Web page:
In AN EXPERIMENT IN CRITICISM, C.S. Lewis answers the question of Why We Read and also provides the answers to why all forms of storytelling are so important:

“We seek an enlargement of our being. We want to be more than ourselves. Each of us by nature see the whole world from one point of view with a perspective and a selectiveness peculiar to himself. …we want to see with other eyes, to imagine with other imaginations, to feel with other hearts, as well as our own.”

Storytelling allows us to shift our perspective:

“Good reading, therefore, though it is not essentially an affectional or moral or intellectual activity, has something in common with all three. In love we escape from ourselves into one other. In the moral sphere, every act of justice or charity involves putting ourselves in the other person’s place and thus transcending our own competitive particularity. In coming to understand anything we are rejecting the facts as they are for us in favor of the facts as they are.”

Storytelling allows us to broadens our experiences:

” …we become these other selves. Not only nor chiefly in order to see what they are like but in order to see what they see, to occupy, for a while, their seat in the great theatre, to use their spectacles and be made free of whatever insights, joys, terrors, wonders or merriment those spectacles reveal.”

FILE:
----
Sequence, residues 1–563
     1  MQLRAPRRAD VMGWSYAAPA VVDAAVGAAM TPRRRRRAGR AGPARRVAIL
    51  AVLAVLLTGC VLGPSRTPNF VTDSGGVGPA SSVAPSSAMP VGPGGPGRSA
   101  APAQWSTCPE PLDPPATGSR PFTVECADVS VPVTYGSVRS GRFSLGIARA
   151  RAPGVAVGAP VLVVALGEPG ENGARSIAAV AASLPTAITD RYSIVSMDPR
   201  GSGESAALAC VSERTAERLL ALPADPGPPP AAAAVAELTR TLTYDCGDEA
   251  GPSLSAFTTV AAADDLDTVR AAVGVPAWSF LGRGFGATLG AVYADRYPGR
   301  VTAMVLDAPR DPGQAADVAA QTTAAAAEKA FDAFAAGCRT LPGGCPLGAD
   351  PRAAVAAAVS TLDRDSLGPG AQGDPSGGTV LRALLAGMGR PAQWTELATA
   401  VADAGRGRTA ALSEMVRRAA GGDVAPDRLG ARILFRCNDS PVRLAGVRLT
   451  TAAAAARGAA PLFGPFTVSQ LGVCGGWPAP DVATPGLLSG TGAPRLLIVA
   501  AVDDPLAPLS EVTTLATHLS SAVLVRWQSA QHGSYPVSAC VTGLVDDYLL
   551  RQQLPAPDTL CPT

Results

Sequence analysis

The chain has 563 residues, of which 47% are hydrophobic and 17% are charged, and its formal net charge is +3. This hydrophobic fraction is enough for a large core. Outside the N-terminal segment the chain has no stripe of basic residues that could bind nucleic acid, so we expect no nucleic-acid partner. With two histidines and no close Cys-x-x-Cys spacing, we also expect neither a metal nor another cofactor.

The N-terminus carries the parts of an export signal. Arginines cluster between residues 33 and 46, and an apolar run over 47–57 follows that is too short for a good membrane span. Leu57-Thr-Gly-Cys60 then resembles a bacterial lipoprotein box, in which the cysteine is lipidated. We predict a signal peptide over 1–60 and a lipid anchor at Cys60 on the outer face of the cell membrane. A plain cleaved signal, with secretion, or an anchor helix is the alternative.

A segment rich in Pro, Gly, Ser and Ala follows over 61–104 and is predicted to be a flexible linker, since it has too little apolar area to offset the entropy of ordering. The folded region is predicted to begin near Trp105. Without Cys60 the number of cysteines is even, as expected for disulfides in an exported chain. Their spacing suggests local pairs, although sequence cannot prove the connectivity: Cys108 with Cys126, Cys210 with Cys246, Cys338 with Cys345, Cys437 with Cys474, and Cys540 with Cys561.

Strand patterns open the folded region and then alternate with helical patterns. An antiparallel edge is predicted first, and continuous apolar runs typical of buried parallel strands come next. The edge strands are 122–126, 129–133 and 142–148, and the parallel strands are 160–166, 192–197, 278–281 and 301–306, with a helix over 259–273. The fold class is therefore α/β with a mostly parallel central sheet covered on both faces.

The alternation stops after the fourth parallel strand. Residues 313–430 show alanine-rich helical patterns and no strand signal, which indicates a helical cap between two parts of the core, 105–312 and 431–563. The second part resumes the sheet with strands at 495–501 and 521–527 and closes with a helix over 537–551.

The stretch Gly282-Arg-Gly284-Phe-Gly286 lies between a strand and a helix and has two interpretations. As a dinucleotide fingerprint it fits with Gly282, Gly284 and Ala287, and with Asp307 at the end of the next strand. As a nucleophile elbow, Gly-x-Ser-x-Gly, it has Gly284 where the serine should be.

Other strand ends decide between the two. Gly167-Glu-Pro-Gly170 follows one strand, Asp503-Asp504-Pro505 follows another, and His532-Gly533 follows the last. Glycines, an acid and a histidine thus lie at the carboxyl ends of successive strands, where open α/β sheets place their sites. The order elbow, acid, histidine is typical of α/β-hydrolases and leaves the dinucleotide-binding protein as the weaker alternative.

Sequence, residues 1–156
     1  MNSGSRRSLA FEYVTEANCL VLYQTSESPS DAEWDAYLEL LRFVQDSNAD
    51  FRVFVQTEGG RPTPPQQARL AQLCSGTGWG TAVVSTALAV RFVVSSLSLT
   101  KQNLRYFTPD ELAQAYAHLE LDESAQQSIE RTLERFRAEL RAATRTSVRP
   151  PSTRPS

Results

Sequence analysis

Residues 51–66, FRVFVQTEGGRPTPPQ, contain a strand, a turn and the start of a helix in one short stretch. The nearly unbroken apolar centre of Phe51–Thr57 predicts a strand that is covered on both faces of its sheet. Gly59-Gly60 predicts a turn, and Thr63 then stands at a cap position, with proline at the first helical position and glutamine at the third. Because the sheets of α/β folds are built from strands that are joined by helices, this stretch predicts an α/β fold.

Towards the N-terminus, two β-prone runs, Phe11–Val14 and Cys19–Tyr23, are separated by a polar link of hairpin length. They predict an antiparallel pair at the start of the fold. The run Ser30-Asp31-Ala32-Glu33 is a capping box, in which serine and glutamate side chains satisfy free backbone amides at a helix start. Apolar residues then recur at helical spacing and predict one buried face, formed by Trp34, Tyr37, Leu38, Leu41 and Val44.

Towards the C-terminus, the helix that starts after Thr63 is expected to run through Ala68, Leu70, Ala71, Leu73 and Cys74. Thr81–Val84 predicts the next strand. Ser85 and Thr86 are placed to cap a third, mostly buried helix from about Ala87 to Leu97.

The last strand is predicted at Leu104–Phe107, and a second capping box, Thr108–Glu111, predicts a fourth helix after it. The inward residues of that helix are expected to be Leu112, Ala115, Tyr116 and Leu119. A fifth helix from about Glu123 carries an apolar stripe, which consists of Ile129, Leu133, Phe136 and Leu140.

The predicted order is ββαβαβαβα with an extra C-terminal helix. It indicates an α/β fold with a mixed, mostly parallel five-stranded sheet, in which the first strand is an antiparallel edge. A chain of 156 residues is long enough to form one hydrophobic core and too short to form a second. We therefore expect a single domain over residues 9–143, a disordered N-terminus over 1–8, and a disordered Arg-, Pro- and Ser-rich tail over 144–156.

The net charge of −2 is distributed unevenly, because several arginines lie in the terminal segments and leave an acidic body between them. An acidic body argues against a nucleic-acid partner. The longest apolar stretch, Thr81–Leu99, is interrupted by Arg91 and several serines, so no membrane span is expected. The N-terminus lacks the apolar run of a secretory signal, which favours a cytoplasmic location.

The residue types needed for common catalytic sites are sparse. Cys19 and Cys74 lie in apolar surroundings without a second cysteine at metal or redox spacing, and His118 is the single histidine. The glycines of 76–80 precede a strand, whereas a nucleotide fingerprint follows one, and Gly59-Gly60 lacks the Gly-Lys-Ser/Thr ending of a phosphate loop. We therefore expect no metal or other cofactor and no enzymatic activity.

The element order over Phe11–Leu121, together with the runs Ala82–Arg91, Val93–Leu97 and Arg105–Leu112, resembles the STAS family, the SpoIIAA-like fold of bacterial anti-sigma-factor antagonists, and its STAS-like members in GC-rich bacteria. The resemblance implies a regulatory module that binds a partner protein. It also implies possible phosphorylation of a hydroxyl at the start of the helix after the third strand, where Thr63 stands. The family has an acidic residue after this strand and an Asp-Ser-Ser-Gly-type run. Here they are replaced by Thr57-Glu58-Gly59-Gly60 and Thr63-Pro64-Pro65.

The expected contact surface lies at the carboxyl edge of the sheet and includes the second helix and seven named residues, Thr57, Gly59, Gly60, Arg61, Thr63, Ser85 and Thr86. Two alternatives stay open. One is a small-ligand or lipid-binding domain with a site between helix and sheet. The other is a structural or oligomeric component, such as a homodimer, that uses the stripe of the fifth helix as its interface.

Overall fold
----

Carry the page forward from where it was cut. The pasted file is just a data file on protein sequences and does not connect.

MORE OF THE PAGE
Storytelling allows us to reframe what we know

“…The man who is content to be only himself, and therefore less a self, is in prison. My own eyes are not enough for me, I will see through those of others. Reality, even seen through the eyes of many, is not enough. I will see what others have invented. Even the eyes of all humanity are not enough. I regret that the brutes cannot write books. Very gladly would I learn what face things present to a mouse or a bee; more gladly still would I perceive the olfactory world charged with all the information and emotion it carries for a dog.”

Storytelling allows us to become more than we are:

“Literary experience heals the wound, without undermining the privilege, of individuality. …I see with a myriad eyes, but it is still I who see. Here, as in worship, in love, in moral action, and in knowing, I transcend myself; and am never more myself than when I do.”


C.S. (Clive Staples) Lewis
November 29 , 1898 – November 22 , 1963

Husband, father, soldier
Author, writer, scholar
Teacher, lecturer, broadcaster


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